In this post you can read:

A matrix is a special case of a second rank tensor with 1 index up and 1 index down. It takes vectors to vectors, (by contracting the upper index of the vector with the lower index of the tensor), covectors to covectors (by contracting the lower index of the covector with the upper index of the tensor)...

Other answers point out the presence of an implied basis in a tensor when expressed as a matrix, as well as the basis transformation rules.

I want to know if it would be correct to illustrate the quote above by saying that, although the operation of a second rank tensor on a vector (or covector) can be expressed in linear algebra form, tensor notation has the advantage of having the order implied in the sequence of covariant and contravariant indices, leading to more compact notation. This advantage is bound to be magnified in higher order operations.

For example, a row vector (covariant or covector) would be operated on by a second rank tensor in matrix form as:

$\begin{bmatrix}a_{1}&\cdots & a_{ m}\end{bmatrix} \begin{bmatrix}t_{\alpha 1} & \cdots & t_{\gamma n} \\ \vdots &\ddots &\vdots \\ t_{\alpha m} &\cdots & t_{\gamma n}\end{bmatrix} =\begin{bmatrix}b_{1}\cdots& b_{ n}\end{bmatrix}$

which in tensor notation could be expressed simply as the following index contraction:

$[T^{\alpha}{}_{\gamma}e_\alpha\otimes e^\gamma](\vec a^\top)=T^{\alpha}{}_{\gamma}\vec a_\alpha=T^{}_{\gamma}=\vec b$

Similarly, the same tensor in matrix form can operate on a column vector (contravariant or "vector") as:

$\begin{bmatrix}t_{\alpha 1} & \cdots & t_{\gamma n} \\ \vdots &\ddots &\vdots \\ t_{\alpha m} &\cdots & t_{\gamma n}\end{bmatrix} \begin{bmatrix}d^1\\\vdots\\d^n\end{bmatrix} =\begin{bmatrix}f^1\\\vdots \\ f^{m}\end{bmatrix}$

but again this order of operations is encapsulated in tensor notation as index contracture:

$[T^{\alpha}{}_{\gamma}e_\alpha\otimes e^\gamma](\vec d)=T^{\alpha}{}_{\gamma}\vec d^\gamma=T^{\alpha}=\vec f$

$(*)$ Above $\vec f$ was initially $\vec e,$ which makes the OP concordant with the comments. It was changed because of $e$ is the symbol for the basis vectors, leading to confusion.

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    $\begingroup$ Note that abstract index notation is even more compact; the two equations would simply be $T^{c} {}_d a^d = b^d$ and $T^{a} {}_b d^b = e^a$. $\endgroup$ Commented Jul 27, 2020 at 15:42
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    $\begingroup$ As explained in the other answers surrounding the post you linked, a matrix is typically introduced as a map from vectors to vectors, i.e. a tensor "with one covariant and one contravariant index". Once dual spaces are introduced it is also clear that matrices then map dual vectors to dual vectors as well. Two-tensors generalize this to also allow for maps from dual vectors to vectors, and vectors to dual vectors. n-Tensors generalize this to maps you cannot easily depict on a piece of paper. This is all regardless of notation, so I am not sure what answer you are looking for. $\endgroup$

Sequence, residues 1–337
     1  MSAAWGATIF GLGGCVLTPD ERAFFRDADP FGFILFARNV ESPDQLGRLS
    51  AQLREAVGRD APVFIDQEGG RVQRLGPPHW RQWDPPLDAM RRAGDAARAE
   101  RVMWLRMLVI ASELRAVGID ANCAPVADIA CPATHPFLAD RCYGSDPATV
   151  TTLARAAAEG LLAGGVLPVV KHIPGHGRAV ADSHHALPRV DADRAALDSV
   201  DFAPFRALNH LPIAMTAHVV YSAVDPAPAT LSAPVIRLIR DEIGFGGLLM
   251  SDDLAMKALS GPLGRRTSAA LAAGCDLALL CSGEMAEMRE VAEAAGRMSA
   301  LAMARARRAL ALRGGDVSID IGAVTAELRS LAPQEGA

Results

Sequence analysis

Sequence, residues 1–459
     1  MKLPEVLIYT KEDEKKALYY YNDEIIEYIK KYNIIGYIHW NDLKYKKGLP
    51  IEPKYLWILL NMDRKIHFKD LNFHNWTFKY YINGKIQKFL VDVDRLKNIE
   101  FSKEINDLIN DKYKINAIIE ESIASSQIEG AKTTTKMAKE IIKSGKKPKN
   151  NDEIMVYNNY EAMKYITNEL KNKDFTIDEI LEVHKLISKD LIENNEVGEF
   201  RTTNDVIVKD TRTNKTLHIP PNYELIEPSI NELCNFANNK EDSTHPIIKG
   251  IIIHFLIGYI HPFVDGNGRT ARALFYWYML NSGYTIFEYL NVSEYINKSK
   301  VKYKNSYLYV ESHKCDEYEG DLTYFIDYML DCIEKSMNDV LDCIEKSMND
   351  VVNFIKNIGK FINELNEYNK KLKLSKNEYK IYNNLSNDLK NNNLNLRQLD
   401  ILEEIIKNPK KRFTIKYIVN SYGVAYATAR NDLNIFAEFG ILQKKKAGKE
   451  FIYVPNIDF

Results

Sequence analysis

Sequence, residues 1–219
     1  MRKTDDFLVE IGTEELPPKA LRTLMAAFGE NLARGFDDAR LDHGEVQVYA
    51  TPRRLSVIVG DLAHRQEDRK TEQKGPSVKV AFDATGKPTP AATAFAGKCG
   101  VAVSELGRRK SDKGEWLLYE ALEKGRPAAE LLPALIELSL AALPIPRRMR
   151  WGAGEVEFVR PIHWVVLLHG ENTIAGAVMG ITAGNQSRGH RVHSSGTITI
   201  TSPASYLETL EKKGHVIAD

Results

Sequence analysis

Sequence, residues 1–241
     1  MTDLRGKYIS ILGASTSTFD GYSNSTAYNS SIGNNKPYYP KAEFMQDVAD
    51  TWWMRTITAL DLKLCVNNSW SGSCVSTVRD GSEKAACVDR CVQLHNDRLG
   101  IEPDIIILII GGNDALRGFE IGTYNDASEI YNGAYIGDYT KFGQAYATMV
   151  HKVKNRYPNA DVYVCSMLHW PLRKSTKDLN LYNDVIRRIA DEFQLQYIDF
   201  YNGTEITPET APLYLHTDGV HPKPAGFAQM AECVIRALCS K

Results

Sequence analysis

– Stijn
    Commented Jul 27, 2020 at 15:43
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    $\begingroup$ With $v^a$ a vector $T^a{}_b$ maps vectors to vectors as $w^a = T^a{}_b v^b$. With $v_c$ a dual vector, the contraction $T^{cd} v_d$ produces a vector from that dual vector. Similarly $T_{cd} v^d$ produces a dual vector from a vector. $\endgroup$
    – Stijn
    Commented Jul 28, 2020 at 16:28
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    $\begingroup$ @Stijn But aren't $T^{cd} v_d$ and $T_{cd} v^d$ $2,0$- and $0,2$- tensors, as opposed to the matrix that considered above, which would be a $1,1$-tensor? $\endgroup$ Commented Jul 28, 2020 at 16:33
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    $\begingroup$ @AntoniParellada That is right, they are $(2,0)$ and $(0,2)$ tensors. In my original comment I mentioned that two tensors are generalizations of matrices, assuming our definition of matrices as maps from vectors to vectors (and dual vectors to dual vectors). $\endgroup$
    – Stijn
    Commented Jul 28, 2020 at 17:18

2 Answers 2


I prefer to view tensor notation as a sort of “wiring diagram,” and that this makes tensor notation so great. Indeed, I agree with you that the sequence of indices is important, as just because you have a tensor $A^{\alpha\beta}$ it does not mean that this is the same as $A^{\beta\alpha}$ and so the sequence of indices really matters.

Symmetry and antisymmetry

Sequence does not form the only or most critical part of tensor notation for me; my love extends to some other aspects too. But sequence certainly has a certain power: for example we can classify those 2-tensors as the symmetric or antisymmetric, $A^{\alpha\beta} = \pm A^{\beta\alpha}$ respectively, and then we can say that any 2-tensor can be written as the sum of a symmetric and antisymmetric part,

$$A^{\alpha\beta} = \frac12 \big(A^{\alpha\beta} + A^{\beta\alpha}\big) + \frac12 \big(A^{\alpha\beta} - A^{\beta\alpha}\big).$$